A “slip” by a senior Israeli officer to The New York Times; dozens of Syrian anti-aircraft missiles launched towards non-existing targets; and on Independence Day, reservists being called up in what has been announced as an “error.” Nothing is coincidental. So many “mistakes” in one week make up a policy.
It’s hard to shake off the impression someone is seeking to shake up the Iranians. The idea behind this strategy is not to have a proportional “blow for blow” brawl between Israel and Iran.
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It would not be a scenario of the Iranians launching an anti-tank missile at a military vehicle and killing soldiers, while Israel bombs a radar station or storage facility. It doesn’t work like that anymore.
There appears to be a much more pretentious move at play here, at the heart of which is the planned Israeli response to the retaliatory strike the Iranians have committed to in public.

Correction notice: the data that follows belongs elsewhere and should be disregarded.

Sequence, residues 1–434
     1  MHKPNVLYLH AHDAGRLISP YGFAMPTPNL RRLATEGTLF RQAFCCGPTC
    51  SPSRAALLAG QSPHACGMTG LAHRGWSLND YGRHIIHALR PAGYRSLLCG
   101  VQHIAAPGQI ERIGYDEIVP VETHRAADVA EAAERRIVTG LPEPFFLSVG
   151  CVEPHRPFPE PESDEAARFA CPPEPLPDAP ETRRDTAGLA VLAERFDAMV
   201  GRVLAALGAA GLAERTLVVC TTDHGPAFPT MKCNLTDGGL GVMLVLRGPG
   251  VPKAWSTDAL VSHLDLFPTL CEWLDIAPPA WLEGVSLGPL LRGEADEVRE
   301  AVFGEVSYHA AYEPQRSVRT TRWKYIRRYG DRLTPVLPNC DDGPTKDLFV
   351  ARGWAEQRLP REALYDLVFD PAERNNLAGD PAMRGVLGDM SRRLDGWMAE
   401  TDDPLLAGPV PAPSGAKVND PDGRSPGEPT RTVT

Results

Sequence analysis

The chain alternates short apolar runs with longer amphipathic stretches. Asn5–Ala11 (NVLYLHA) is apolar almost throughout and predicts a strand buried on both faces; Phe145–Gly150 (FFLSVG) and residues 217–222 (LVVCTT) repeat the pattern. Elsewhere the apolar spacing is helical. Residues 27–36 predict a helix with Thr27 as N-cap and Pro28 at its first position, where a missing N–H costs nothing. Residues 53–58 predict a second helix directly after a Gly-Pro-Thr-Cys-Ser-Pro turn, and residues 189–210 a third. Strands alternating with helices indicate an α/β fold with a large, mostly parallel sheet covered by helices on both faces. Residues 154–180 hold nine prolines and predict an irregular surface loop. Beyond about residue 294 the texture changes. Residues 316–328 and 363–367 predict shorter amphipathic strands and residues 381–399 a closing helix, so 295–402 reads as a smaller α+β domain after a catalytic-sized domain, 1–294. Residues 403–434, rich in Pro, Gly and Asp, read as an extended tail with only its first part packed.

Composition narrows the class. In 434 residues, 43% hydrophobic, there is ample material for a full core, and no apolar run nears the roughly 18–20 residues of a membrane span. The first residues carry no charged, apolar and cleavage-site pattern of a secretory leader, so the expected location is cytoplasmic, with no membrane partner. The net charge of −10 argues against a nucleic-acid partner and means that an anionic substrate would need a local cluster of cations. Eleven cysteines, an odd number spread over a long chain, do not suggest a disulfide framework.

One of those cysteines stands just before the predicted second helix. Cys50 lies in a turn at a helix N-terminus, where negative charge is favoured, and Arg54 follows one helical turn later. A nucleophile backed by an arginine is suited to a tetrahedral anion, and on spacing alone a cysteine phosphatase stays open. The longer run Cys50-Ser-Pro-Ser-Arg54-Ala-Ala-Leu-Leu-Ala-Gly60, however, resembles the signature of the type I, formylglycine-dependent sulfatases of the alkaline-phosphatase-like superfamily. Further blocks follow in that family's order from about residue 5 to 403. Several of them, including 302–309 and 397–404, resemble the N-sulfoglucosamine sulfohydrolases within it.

And this Israeli response is supposed to use leverages against main elements of power in Syria—the Iranian regime, the Russians and to some extent the Syrian regime—to stop the Quds Force’s deployment in Syria and to make it clear it’s not worth it for any of these elements to continue ignoring Israeli interests.
Israel probably reached the conclusion the military and diplomatic tools it has been using so far to stop the Iranian entrenchment in Syria are not bearing fruit. What are other avenues of actions there? For example, putting out a fire using a lot of fire, in the hopes Israel could control the flames throughout the entire process of extinguishing the fire. This is a policy with a very high level of risk and gamble.
An error in a computerized call-up of reservists is rather rare, but it could happen. However, the senior officer who admitted, reportedly, to American journalist Thomas Friedman that Israel had indeed attacked the T-4 airbase with the objective of killing Iranians and destroying Iranian military equipment, is someone with quite a lot of experience in speaking to the media.
Experience, by the way, as vast as that of Friedman himself in talking to senior Israeli officers. Both sides known the rules of the game very well, even when there’s a “slip.”